As the upcoming U.S.-Russia summit draws near, President Bush and other Western leaders face the challenge of creating a different organizing principle for developing and implementing Russian policy. At an 18 March 2002 lecture at the Kennan Institute, Ambassador James Goodby, Senior Research Fellow, Massachusetts Institute of Technology, and Nonresident Senior Fellow, Brookings Institution, stated that, "President Vladimir Putin's strategic decision to integrate Russia into the West presents a real challenge to Western leaders." According to Goodby, Putin's discussions with European leaders and organizations illustrate his willingness to shift Russian ideology from the "multi-polar" foreign policies of the Primakov government to a pro-Western orientation. Goodby noted that, following September 11, the Putin government continued to shift its policies towards the United States and other Western institutions, placing greater pressure on Western leaders to react appropriately.

In his discussion, Goodby drew upon the recently published book A Strategy for a Stable Peace: Toward a Euroatlantic Security Community, by Goodby, P. Buwalda, D. Trenin (U.S. Institute of Peace, 2002). Goodby described several different scenarios and policy changes that would most effectively lead to a condition of "stable peace" between the European Union, the United States, and Russia. According to Goodby, "stable peace" may be defined as a condition in which war between two sides is not considered an option, as for example, within the EU and Scandinavian countries. In order to achieve this, Goodby stated, there must be a convergence of values and identity.

Goodby recognized that a stable peace between the West and Russia might not be attainable at the present time, but he stated there is hope that a Euroatlantic security community may be developed. A "security community" is a close approximation of a stable peace but, in Goodby's view, would not require such a high convergence of values and self-identification. He also noted that such a community could develop through a convergence of national interests with the help of national leaderships, but that it will not happen by itself. He further stated that the imprinting ofnorms and rules upon the system while building a Euroatlantic security community would promote conditions conducive to a stable peace.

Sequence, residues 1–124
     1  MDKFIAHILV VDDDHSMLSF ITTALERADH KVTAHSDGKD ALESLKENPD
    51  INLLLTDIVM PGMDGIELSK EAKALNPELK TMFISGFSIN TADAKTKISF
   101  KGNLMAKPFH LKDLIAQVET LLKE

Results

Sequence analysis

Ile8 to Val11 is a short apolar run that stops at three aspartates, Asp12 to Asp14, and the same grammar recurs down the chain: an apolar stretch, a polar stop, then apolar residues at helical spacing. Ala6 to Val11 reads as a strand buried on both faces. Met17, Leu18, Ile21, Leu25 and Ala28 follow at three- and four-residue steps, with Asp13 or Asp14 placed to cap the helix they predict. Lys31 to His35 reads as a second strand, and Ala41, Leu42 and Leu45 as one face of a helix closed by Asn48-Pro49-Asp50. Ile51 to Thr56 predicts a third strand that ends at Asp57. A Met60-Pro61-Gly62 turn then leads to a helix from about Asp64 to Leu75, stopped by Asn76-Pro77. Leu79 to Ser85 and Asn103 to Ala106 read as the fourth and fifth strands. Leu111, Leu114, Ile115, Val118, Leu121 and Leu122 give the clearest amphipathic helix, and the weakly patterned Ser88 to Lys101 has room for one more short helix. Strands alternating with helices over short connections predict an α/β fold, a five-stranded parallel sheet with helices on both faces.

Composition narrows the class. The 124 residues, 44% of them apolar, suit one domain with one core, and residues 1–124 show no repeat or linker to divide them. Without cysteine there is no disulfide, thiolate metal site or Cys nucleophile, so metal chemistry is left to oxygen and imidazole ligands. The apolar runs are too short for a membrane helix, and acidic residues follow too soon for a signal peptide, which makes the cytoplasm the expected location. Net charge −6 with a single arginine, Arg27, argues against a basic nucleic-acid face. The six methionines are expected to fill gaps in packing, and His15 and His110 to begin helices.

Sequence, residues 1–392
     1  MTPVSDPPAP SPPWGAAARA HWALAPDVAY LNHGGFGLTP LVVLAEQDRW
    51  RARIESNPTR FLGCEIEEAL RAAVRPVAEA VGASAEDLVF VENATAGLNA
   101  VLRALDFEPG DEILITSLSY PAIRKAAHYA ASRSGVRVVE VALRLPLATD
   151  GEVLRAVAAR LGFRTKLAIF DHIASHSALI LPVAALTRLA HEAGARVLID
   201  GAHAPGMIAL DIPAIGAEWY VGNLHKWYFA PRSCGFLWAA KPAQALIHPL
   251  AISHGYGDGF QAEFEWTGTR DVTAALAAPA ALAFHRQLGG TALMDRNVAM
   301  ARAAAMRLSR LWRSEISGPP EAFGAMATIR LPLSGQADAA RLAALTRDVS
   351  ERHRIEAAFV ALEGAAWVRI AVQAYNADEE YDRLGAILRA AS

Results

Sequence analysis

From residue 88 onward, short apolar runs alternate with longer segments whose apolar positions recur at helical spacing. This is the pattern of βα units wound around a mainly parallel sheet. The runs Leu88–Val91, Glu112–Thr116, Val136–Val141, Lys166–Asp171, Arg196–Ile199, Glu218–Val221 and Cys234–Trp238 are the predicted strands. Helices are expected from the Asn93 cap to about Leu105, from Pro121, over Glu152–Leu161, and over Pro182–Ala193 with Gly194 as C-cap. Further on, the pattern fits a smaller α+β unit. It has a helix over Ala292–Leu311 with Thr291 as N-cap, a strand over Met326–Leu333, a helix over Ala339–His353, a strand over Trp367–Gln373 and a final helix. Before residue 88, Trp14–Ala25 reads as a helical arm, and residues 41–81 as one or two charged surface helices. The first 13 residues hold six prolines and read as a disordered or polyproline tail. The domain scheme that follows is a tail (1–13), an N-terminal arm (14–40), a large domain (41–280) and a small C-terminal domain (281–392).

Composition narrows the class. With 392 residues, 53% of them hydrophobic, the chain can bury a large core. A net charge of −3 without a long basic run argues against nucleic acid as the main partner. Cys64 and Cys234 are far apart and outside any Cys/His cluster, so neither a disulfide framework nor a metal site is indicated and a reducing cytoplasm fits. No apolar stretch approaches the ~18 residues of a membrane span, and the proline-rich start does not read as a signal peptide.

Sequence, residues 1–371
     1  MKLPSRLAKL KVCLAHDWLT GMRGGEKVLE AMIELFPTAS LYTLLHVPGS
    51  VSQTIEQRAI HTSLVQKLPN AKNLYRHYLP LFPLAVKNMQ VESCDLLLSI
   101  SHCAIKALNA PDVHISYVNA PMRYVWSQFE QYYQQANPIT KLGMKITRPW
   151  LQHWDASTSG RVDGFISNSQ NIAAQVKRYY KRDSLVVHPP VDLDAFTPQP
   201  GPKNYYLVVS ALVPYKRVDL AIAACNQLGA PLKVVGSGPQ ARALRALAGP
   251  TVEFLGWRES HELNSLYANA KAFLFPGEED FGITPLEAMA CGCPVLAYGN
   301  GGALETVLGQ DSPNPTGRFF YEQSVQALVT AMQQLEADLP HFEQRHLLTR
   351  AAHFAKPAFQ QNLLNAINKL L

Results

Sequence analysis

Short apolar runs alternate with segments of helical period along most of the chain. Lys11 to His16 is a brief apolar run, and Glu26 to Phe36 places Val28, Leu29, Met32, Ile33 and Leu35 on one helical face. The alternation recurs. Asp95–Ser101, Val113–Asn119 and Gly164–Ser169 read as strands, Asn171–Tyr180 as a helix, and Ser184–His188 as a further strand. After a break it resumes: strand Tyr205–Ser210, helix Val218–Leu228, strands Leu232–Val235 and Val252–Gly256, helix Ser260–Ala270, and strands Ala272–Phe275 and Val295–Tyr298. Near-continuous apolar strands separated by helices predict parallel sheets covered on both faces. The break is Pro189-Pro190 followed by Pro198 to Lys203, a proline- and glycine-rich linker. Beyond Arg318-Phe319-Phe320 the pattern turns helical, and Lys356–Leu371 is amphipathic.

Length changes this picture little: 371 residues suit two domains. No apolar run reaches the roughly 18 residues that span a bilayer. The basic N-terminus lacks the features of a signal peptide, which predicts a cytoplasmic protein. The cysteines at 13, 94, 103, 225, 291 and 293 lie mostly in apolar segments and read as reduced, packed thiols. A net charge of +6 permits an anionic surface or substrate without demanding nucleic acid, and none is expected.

Goodby explained five different scenarios in which Euroatlantic relations could possiblydevelop. Goodby's first model, characterized by U.S. dominance, is similar to today's situation. The second model is a stable triad, or a situation in which the relationship between the U.S., EU, and Russia becomes more of a community of equals--not in absolute power terms, but in the weight accorded to the views and interests of the U.S., EU, and Russia. Goodby identified the third model as the Western Commonwealth, or a situation where Russia fitfully continues its democratic reforms, but declines to engage the West in cooperation or constructive dialogue. The fourth model examined the implications of EU dominance. In this condition, Russia declines to engage the West, and the United States turns its focus to Asia, leaving the European Union in charge of European-focused policy and security in the region. In the final model, the U.S. overreaches with its hegemony, alienating the EU and Russia. The resulting competition between the EU-Russia coalition and United States further destabilizes the Euroatlantic system.

According to Goodby, the most preferred arrangement would be a stable triad because itwould be more self-sustaining and act with more coherence, and would likely produce the greatest stability in the Euroatlantic region in the long run. In Goodby's estimation, this would require the EU to make several internal changes to create the type of governance that could meet the needs of the estimated 500 million potential citizens of the European Union, while Russian democracy and constitutional liberalism would have to deeply take root. The United States, on the other hand, must be willing to recede from hegemony. Goodby reiterated the importance of continued U.S. support for Russia's democratic movement, and also noted that U.S. leaders need to address other short-term questions surrounding security, economic, and human rights issues that would build momentum toward a stable peace. Ambassador Goodby concluded by emphasizing that rather than considering Russia as a minor player in the war against terrorism, U.S. leaders must learn to view Russia as a primary partner in the global system, and craft policies that strengthen the relationship between the two countries.